Since 2003’s Who Will Survive, And What Will Be Left Of Them?, their second full-length, Indiana’s Murder By Death have been ardently courting the musical essence of America’s West. Falling somewhere between folk and country, rock and blues, the band has developed greater and greater skill in whittling down larger and larger branches into their vague, epic yet personal tales, furthering the development with 2006’s In Bocca Al Lupo. Now with Red Of Tooth And Claw, out this week, the West’s spirit might just be ready to accept the quartet’s proposal.
Featuring the most rounded performance yet from frontman Adam Turla, Red Of Tooth And Claw is perhaps no radical change, but it’s an unexpected turn. The storytelling, arrangements and vocal performances are richer than ever, and as concept records go for Murder By Death, they’ve constructed their most intriguing storyline to date—a modern-day ill- intentioned traveler loosely following Homer’s Odyssey.
Turla spent some time talking about Red Of Tooth And Claw’s construction.
On the new album, the immediately striking thing is that you’re much deeper in your vocal register than ever before. It’s something that you’ve been changing from album to album— are you playing a different character, or is it just a process?
More than anything else, it’s just learning how to sing. Our first album, we recorded it in early 2002, I was 18 years old or 19 maybe, and I had never sang before, and that was that. And Who Will Survive was recorded in early 2003, and then we had a long time in between that and In Bocca Al Lupo, and in that time, I took some voice lessons at Indiana University, which has a great music school. The first thing they did was show me what my range actually was, how I should sing, so with In Bocca, that was the first album where I actually got to apply that stuff, and with this album, I’m definitely at my most comfortable. It’s the most natural.
And I guess part of it is making that work with the music. More than anything else, it just comes from, ‘I’m 26 years old, and I haven’t been singing that long.’ It just took me a while to figure out what my voice was.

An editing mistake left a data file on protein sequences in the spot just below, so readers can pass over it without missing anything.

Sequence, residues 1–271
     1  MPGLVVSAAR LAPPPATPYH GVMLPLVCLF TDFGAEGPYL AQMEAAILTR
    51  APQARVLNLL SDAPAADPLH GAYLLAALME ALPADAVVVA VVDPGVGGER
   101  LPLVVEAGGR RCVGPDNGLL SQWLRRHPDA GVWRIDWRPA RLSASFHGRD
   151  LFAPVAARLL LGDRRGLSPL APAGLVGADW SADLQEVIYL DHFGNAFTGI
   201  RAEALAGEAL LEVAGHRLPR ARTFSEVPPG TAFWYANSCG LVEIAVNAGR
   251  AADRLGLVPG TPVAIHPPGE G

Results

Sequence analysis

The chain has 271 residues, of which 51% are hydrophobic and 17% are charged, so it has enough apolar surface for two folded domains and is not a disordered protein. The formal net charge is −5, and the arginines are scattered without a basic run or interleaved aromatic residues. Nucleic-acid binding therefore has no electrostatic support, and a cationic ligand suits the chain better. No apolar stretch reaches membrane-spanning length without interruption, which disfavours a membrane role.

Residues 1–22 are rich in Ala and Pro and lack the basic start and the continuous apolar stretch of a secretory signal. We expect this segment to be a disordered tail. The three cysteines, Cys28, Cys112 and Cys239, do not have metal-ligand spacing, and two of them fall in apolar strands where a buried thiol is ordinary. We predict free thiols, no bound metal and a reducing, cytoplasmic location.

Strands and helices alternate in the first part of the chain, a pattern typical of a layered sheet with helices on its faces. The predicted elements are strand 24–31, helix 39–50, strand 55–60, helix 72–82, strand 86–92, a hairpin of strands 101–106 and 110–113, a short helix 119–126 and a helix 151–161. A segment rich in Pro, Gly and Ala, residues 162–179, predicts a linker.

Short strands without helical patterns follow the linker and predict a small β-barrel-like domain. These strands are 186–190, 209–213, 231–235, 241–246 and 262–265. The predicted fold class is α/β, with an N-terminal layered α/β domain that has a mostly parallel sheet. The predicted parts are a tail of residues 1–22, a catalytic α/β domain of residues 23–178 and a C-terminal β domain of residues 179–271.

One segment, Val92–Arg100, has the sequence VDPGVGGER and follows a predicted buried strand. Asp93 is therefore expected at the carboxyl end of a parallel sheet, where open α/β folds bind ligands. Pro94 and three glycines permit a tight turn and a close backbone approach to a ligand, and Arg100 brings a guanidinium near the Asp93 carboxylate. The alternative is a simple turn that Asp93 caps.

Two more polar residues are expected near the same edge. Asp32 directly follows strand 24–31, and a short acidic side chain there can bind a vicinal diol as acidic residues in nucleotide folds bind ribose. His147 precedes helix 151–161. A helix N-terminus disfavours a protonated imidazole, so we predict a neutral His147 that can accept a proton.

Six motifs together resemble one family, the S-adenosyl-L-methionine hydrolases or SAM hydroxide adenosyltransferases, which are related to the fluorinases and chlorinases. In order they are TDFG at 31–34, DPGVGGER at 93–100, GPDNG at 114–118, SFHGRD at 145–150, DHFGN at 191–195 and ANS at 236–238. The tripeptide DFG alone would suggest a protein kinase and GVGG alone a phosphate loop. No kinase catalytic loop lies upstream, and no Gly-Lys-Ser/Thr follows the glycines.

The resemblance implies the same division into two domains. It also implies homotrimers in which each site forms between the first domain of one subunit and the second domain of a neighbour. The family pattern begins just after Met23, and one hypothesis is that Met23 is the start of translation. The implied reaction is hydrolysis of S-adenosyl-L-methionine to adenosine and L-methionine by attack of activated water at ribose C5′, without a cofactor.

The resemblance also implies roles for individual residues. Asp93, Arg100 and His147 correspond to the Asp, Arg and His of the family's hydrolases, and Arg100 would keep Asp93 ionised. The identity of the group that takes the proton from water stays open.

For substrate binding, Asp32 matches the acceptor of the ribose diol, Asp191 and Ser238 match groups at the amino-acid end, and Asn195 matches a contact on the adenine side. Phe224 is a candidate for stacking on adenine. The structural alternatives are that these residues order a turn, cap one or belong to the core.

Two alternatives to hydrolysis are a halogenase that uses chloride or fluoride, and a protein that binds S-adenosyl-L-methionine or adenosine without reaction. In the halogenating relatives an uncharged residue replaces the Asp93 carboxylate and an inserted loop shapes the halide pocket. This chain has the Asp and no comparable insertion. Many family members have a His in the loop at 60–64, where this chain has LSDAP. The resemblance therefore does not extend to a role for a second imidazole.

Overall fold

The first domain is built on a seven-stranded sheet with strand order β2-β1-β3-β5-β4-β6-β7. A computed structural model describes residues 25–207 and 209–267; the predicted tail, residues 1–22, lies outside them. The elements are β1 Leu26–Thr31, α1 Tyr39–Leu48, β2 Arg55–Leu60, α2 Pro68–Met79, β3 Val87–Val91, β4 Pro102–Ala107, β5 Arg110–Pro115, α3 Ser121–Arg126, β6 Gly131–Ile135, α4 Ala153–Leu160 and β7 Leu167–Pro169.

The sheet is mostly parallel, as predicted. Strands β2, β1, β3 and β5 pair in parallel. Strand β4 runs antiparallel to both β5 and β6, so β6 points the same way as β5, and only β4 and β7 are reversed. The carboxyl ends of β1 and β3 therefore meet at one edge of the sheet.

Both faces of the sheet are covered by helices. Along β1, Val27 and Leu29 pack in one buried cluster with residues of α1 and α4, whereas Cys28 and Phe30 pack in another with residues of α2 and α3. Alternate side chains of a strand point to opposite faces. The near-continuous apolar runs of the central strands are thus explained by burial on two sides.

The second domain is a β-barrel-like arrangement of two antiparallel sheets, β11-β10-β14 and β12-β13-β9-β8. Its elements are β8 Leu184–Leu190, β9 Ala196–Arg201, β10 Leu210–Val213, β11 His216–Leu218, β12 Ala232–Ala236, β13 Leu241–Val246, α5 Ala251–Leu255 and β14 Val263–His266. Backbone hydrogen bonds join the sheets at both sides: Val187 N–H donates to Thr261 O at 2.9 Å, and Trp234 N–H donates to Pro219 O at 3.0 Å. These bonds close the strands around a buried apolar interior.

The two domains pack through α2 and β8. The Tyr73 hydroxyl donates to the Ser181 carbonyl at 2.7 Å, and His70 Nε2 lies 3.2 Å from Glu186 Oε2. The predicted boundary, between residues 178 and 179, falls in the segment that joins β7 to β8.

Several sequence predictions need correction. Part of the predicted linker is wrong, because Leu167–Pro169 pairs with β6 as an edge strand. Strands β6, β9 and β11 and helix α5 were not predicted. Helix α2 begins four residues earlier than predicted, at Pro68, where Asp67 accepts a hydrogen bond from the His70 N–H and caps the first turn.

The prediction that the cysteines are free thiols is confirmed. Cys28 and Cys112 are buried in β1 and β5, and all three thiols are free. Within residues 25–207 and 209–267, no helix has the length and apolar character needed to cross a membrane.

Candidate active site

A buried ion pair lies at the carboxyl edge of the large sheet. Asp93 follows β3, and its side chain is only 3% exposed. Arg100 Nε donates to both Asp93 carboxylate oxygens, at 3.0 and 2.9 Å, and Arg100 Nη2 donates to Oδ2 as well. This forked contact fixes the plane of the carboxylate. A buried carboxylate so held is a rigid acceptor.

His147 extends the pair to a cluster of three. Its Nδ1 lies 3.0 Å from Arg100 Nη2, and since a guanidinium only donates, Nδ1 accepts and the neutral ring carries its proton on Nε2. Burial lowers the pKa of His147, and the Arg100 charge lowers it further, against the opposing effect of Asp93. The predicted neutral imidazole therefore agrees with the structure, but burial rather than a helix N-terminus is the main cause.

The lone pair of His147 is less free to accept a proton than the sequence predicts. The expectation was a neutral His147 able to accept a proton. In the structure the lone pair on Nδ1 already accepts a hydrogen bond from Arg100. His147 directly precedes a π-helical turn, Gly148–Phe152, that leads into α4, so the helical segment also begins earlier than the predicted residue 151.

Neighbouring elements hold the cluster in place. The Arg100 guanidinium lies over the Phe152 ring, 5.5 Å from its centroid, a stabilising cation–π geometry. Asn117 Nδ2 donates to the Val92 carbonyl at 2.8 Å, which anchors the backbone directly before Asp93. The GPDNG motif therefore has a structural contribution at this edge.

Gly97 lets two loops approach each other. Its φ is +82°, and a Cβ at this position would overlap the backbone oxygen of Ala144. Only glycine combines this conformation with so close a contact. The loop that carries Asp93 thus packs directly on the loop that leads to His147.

Does that change the way that you’re singing the previous material?
Um, I sing it better now. (laughs) My pitch is better. My voice has changed in the time since we wrote those songs. After every show, by the time we’re done playing, I’m pretty gravelly, so it changes to some extent.
The only reason I ask is if you’re not paying close attention, you could think that the band changed singers.
Yeah, and that’s the thing, when I hear those records, the old records, I kind of cringe. Not because I don’t like the songs or anything like that. It’s just that it was so long ago, and I don’t have the sort of style that I used to.
Lyrically, there’s a lot of ‘I’ and ‘you’ and ‘me,’ much more one-to-one communication in your storytelling.
Yeah, I was trying to mix it up a bit. I wanted to do a narrative this time. Who Will Survive had sort of an omnipresent narrator, and I thought it would be more fun to experiment with an album that’s mostly first person. We’ve got four albums out now, and you want to try different styles as a writer. I, personally, am very opposed to doing the same thing over and over, so I try to find new ways to fit into the same world. I still want it to be Murder By Death’s material, but I want it also to be branching out. I don’t want to write the same songs over and over.
Do you think it was more effective for the narrative?
I hope so. (laughs) As I was writing it, I was conscious of it, and I thought it was the most effective. There’s kind of two voices on the new record. There’s the main character, which nine of the songs are him, and there are two songs that are from the perspective of the gods looking down on him. One of them is called ‘A Second Opinion’ and it’s the gods watching him, willing him to fail, the main character.
And there’s another song, ‘Rumbrave,’ which is kind of a god hunting down the main character. But I thought it was effective to do it that way, because everyone, both the gods and the main guy are very sort of egotistical and confident characters, so I thought it would be effective to use that perspective, so their gritty self-confidence shows through.